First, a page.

Death of a Valentine by M.C. Beaton. This is the latest book in a series I have been reading for a while – the Hamish MacBeth series, set in the Highlands of Scotland. Clearly May was heavy on the mysteries and the “fluff” reading!

Free for All: Fixing School Food in America by Janet Poppendieck. This was a fascinating book about the history of and problems with the National School Lunch Program, and the ways in which school food can be improved. Poppendieck also wrote a book about food entitlement programs called Sweet Charity, that I read years ago and that is also quite good.

Murder on the Flying Scotsman by Carola Dunn. This was my favorite of the Daisy Dalrymple books thus far. A man is murdered on a train in motion and Daisy finds herself on the case. Probably a total rip-off of Agatha Christie, but quite entertaining nonetheless.

The Trial by Franz Kafka. We read this book for our book club, and I was not a fan. It was an unfinished book published after Kafka’s desk and it just seemed meandering, without much substance. It still led to a good book club discussion though!

Blackout by Connie Willis. I’m not a huge science fiction fan, but for some reason, I like the time travel books. Maybe because they include some of my beloved history. In this book, the characters are traveling between 2060 and the World War II era. I loved this book and was upset at first to discover at the end of the book that I wasn’t going to get resolution, it was “to be continued”. Now I’m excited to get to read the second book in the Fall!

Harry Potter and the Goblet of Fire by J.K. Rowling. This was a reread. Jami and I are working our way through the Harry Potter books and we finally finished book 4.

Girl in Translation by Jean Kwok.

Damsel in Distress by Carola Dunn. This is the fifth book in the Daisy Dalrymple series. I got interested in the series because DCPL had the latest one on the new mysteries shelf. I ended up having to buy the first 3 books in the series though, because DCPL didn’t have them. And now, having read books 5 & 6, they don’t have 7 either (but they do have 8). Public libraries? This is a total pet peeve. If you are going to buy a series at all, be sure to get all the books in it (and then don’t weed out all the old copies. Folks generally like to start series at the beginning). /rant.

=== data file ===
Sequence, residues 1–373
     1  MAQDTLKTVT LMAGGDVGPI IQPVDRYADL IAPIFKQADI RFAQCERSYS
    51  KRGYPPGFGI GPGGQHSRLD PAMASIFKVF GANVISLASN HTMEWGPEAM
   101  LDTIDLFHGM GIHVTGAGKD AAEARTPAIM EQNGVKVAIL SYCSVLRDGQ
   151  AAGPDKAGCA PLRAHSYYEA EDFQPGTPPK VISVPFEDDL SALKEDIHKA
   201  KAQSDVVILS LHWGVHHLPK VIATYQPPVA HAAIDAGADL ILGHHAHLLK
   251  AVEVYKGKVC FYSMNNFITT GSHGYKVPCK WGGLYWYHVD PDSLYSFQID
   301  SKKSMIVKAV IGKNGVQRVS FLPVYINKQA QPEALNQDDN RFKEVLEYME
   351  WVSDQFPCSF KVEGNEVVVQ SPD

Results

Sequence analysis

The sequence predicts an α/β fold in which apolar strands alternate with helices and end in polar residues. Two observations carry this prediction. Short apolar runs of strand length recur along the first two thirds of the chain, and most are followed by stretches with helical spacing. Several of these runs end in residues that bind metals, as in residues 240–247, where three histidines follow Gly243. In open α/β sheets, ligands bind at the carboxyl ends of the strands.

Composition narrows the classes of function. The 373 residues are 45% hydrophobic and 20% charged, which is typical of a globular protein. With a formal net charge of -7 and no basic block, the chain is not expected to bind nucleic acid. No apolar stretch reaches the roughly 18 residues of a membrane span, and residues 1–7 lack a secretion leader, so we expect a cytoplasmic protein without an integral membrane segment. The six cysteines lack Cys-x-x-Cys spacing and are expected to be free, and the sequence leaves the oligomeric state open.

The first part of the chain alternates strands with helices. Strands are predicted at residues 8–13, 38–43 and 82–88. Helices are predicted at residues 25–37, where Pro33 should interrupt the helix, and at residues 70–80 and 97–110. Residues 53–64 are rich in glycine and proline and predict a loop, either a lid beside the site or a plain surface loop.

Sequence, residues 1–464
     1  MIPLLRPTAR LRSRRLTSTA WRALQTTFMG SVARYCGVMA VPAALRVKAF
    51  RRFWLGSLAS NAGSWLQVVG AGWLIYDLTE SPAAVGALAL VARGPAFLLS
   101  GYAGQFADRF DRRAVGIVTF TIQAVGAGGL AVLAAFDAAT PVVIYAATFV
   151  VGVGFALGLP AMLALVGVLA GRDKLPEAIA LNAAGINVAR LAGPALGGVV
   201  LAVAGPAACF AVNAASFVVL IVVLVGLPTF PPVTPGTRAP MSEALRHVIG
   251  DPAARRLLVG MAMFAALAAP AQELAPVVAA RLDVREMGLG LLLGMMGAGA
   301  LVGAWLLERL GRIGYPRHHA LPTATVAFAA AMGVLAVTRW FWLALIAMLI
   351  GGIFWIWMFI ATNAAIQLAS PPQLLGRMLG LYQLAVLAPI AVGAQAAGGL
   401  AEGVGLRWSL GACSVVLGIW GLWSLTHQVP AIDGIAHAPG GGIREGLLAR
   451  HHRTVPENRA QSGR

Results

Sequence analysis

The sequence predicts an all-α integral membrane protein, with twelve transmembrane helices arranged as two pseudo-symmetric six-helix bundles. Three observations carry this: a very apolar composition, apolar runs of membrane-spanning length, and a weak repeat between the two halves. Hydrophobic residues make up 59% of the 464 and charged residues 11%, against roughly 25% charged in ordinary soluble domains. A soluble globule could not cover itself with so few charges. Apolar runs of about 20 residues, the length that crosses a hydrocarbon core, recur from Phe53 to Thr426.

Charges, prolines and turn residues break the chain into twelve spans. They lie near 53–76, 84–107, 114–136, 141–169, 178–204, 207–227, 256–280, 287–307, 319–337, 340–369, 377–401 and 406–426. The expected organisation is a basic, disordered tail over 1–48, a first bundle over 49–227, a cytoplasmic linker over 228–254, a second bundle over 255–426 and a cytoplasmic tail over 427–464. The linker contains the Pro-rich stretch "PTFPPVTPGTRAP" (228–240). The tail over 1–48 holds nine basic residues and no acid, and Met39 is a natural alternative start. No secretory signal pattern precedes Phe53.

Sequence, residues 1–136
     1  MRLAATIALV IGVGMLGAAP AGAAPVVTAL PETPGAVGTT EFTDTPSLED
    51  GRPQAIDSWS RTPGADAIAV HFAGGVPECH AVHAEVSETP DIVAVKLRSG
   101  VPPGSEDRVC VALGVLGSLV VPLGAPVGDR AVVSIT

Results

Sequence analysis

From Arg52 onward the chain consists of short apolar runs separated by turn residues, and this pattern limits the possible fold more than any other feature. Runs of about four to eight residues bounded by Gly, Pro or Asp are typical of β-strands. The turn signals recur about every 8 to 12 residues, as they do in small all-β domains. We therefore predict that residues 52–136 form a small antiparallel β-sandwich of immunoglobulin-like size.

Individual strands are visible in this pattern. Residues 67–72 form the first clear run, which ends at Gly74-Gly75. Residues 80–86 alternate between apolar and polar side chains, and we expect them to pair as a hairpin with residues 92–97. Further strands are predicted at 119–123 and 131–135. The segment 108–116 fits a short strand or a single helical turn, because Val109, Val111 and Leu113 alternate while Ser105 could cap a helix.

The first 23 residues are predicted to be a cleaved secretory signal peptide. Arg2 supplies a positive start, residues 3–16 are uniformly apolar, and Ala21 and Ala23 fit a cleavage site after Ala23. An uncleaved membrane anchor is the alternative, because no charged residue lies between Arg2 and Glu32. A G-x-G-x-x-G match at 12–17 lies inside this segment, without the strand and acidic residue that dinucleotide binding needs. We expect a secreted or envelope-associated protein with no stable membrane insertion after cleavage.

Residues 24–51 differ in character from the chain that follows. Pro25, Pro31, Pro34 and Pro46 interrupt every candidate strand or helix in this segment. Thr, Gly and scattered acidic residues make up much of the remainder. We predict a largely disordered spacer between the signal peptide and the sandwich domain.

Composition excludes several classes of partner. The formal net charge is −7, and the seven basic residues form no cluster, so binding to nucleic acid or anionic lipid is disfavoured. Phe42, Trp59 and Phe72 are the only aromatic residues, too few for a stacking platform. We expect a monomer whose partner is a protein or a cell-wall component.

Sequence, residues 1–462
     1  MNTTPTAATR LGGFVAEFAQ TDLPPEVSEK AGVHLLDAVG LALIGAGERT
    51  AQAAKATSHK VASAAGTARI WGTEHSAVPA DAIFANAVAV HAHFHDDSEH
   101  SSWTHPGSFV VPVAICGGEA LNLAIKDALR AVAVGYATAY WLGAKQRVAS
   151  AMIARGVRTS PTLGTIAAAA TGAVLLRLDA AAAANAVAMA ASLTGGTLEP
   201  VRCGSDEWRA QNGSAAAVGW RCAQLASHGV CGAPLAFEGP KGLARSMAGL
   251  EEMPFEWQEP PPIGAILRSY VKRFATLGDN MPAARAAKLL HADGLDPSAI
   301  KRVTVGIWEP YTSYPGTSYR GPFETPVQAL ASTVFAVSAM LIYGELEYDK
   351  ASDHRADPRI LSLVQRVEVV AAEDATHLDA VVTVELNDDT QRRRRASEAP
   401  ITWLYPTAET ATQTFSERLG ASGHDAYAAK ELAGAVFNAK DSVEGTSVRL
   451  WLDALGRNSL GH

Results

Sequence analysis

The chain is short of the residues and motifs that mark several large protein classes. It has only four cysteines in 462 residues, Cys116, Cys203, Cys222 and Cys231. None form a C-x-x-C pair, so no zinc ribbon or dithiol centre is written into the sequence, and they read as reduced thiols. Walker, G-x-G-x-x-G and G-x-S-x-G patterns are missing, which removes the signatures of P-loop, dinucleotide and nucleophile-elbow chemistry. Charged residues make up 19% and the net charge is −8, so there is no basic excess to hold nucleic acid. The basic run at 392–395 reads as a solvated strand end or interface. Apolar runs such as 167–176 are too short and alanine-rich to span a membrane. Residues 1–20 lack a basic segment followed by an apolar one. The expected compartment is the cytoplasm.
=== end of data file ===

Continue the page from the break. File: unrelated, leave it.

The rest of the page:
The Unbearable Lightness of Scones by Alexander McCall Smith. With this book, I have reached the end of the 44 Scotland Street series (at least until McCall Smith writes more). It wasn’t anything amazing, but still a good, light read, perfect for Memorial Day at Virginia Beach.

May Round-Up

Mighty Life List #7: Marry Jami

Photo by Eva Russo of photoladylove.

A month ago today, we got married. Married! (There we are above looking in amazement at Jami’s wedding band.)

It’s been a good (if somewhat expensive) month, and I hope it is just the start of many good months and years ahead. It’s pretty great being married. In a lot of ways, it’s no different than before – we wake up next to each other, same as before, eat dinner together every night, worry about our pets, plan our garden. In ways both practical and profound, a shift has definitely occurred however. How does marriage feel different? The best way I can describe it, as unromantic as it sounds, is that marriage feels solid. It feels like a foundation on which we can build. It feels like the start of something. Marriage so often seems to be seen (at least in movies) as the happy ending, but I think it’s really the beginning: the start of the rest of our lives and all the amazing things, both extraordinary and mundane, that we can accomplish together. Let the adventure begin.

Mighty Life List #7: Marry Jami